October 15, 2014
Dry cutting is the main cause of dust when cutting stone.
Dry cutting is the main cause of dust when cutting stone.
LO members installing hardscapes deal every day with stone cutting, and the accompanying dust.

Large clouds of dust from dry cut saws raise safety concerns, high costs for clean up and neighbour complaints. Dust from the job site spreads everywhere, covering near-by vehicles, people and property.

But the dust produces more than a source of annoyance and aesthetic issues on neighbouring properties. Serious health effects, such as lung cancer or silicosis, can result from exposure to silica dust particles, which can penetrate deep into the lungs; damage may not appear until years after exposure.

LO member Ron Swentiski CLD, of Trillium Associates Landscape Design and Project Management in Thornhill, responded to a Toronto Star article on the installation of paver driveways and the effects of silica dust from dry cutting the stone.

“For the years that I have been in this business, I have yet to see any small or a medium-size landscape contractor make use of the water fitting on their saws,” says Swentiski.

Dust caused by dry cutting

Dry cutting is the main cause of dust when cutting stone. The traditional alternative to reduce the dust is wet cutting with adequate water supply. An informal survey by Landscape Ontario magazine showed every LO member who responded to the question, uses some form of wet cut.

“We use both dry cut and wet cut in our projects,” says Terry Childs of Nature’s Way Landscaping in Gananoque.  He estimates that 60 to 70 per cent of the time his crews use the wet cut system. “We try to make dust a non-issue with projects. Factors of weather, wind and surrounding properties influence when we use dry cut or wet.”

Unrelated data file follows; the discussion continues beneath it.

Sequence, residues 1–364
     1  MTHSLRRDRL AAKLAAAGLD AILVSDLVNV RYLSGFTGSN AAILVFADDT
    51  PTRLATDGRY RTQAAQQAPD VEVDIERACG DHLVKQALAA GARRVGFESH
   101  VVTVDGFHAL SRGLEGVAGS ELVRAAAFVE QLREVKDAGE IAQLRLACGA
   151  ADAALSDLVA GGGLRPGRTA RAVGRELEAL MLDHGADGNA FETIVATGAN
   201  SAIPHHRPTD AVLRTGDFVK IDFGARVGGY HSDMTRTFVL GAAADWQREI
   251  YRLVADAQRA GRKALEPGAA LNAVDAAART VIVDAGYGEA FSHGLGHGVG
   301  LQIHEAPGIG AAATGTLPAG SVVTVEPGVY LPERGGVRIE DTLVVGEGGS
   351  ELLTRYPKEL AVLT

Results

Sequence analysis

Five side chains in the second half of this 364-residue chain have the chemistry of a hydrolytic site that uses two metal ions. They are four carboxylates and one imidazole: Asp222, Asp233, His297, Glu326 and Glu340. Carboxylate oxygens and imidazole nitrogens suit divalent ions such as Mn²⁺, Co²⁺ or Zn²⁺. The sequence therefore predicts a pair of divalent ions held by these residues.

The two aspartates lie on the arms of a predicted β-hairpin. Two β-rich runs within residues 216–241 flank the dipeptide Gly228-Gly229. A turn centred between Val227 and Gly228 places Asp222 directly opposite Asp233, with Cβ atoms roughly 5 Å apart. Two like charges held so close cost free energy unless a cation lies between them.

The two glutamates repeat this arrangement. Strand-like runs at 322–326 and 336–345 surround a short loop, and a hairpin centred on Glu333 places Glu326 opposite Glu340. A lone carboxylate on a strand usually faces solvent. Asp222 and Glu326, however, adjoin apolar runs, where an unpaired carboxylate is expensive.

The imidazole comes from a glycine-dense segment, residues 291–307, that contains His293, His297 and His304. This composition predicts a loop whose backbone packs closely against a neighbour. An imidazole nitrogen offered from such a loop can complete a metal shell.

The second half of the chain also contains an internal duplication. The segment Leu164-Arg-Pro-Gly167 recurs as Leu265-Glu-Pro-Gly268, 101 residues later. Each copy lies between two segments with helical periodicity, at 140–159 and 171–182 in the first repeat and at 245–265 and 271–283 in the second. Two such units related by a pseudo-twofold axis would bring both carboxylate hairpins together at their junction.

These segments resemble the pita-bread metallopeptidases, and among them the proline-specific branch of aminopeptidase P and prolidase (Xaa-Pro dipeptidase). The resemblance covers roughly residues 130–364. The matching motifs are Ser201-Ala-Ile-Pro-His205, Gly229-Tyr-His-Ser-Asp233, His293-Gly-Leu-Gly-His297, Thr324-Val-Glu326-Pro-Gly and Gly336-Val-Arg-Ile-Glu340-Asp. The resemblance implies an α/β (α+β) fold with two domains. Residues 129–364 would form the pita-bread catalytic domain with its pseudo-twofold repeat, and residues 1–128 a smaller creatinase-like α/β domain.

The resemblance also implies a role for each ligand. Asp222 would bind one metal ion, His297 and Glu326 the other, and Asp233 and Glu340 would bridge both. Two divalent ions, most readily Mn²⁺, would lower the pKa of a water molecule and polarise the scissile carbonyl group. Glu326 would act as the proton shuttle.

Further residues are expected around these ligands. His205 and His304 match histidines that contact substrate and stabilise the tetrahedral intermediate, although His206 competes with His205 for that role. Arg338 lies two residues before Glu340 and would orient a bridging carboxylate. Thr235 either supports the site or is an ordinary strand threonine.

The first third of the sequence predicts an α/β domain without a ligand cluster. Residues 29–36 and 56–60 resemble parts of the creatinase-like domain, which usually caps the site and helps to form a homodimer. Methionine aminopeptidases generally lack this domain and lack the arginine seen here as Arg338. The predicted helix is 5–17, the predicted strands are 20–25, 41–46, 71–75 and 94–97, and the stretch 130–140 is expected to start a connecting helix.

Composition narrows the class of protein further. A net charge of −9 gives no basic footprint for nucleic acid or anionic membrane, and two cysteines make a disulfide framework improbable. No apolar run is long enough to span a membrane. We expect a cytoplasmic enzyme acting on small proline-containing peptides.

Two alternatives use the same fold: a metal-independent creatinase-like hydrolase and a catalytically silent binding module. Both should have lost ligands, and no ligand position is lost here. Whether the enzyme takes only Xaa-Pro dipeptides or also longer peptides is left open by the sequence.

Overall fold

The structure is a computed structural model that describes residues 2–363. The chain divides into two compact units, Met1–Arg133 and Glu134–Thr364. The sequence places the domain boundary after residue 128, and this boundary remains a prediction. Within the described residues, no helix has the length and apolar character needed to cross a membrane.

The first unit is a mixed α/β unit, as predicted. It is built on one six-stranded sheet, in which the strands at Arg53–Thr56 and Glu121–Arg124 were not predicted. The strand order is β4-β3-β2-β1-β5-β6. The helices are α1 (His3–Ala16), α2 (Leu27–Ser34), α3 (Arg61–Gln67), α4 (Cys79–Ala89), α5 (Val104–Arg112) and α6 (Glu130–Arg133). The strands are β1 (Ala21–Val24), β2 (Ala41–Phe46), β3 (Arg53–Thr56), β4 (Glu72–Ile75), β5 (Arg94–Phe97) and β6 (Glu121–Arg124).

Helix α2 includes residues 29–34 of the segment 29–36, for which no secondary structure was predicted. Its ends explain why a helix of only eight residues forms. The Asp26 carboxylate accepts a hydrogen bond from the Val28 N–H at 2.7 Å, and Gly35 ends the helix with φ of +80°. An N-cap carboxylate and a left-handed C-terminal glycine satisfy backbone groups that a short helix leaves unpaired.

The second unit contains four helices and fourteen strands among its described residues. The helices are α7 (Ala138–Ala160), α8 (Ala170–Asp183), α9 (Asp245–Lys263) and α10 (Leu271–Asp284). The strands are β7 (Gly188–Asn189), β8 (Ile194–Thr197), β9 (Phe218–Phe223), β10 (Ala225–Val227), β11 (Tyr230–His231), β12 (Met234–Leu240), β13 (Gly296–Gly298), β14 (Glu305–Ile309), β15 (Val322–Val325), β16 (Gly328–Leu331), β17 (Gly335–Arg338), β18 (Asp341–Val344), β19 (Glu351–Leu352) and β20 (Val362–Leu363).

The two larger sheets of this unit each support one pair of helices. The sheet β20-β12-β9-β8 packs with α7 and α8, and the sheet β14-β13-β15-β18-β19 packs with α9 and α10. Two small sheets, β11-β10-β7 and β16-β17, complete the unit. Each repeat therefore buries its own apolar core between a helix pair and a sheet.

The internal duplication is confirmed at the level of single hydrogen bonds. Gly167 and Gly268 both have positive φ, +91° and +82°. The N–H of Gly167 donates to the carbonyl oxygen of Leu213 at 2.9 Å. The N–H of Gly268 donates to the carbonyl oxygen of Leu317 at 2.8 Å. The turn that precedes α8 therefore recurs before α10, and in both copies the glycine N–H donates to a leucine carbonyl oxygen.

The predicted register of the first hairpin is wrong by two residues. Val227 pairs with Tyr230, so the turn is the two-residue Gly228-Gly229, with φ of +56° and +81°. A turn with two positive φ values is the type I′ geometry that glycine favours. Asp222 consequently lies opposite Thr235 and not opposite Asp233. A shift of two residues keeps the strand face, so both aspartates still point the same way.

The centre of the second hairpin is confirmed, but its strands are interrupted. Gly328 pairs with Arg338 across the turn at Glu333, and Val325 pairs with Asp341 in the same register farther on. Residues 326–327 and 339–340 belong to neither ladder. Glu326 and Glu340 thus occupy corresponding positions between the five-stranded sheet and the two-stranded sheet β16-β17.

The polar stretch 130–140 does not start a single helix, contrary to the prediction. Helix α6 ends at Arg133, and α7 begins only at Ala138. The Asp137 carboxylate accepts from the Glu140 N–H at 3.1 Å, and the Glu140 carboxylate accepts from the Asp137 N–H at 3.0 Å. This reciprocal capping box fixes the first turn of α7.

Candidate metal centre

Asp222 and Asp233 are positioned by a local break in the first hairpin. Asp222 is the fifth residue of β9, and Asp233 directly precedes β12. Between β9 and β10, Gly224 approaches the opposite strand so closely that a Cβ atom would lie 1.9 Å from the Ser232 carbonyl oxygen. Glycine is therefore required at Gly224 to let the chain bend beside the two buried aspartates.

Mark Fisher of The Escarpment Company in Milton, says he uses mostly dry cut saws. He and his crews find that the wet cut system isn’t necessarily slower, but it is dirty and workers get soaked. Some crew members said that wet dust dries on clothes, and if it gets on the skin it can burn.

“When we use dry cut saws in heavy residential areas, it does bother the neighbours,” says Fisher, whose crew member is featured on the cover. “At times my crews aren’t too popular on the street.”  Over 90 per cent of The Escarpment Company’s work involves hardscape.

“I’ve been in this business for 27 years, and well remember when all stone cutting was done with wet saws,” says Ed Hansen of Hansen Lawn and Gardens in Ottawa. He explains that once dry saws became more powerful and mobile, the industry switched to that method.

Be neighbourly

Hansen’s crew now works mostly with dry cuts, but will use wet cuts under certain conditions. On the issue of dust spreading to the surrounding areas, Hansen says, “We have learned certain tactics, such as erecting tarps in confined spaces, alleviate the problem. Any real professional is going to conduct the cutting of stone in a neighbourly manner. If not, they won’t be in business for long.”  

Rob Tester, of TNT Property Maintenance in Kitchener, estimates that between 50 to 75 per cent of his company’s projects involve cutting stone. “We use gas wet kits and an electric dustless dry cut saw from iQ Power Tools,” says Tester.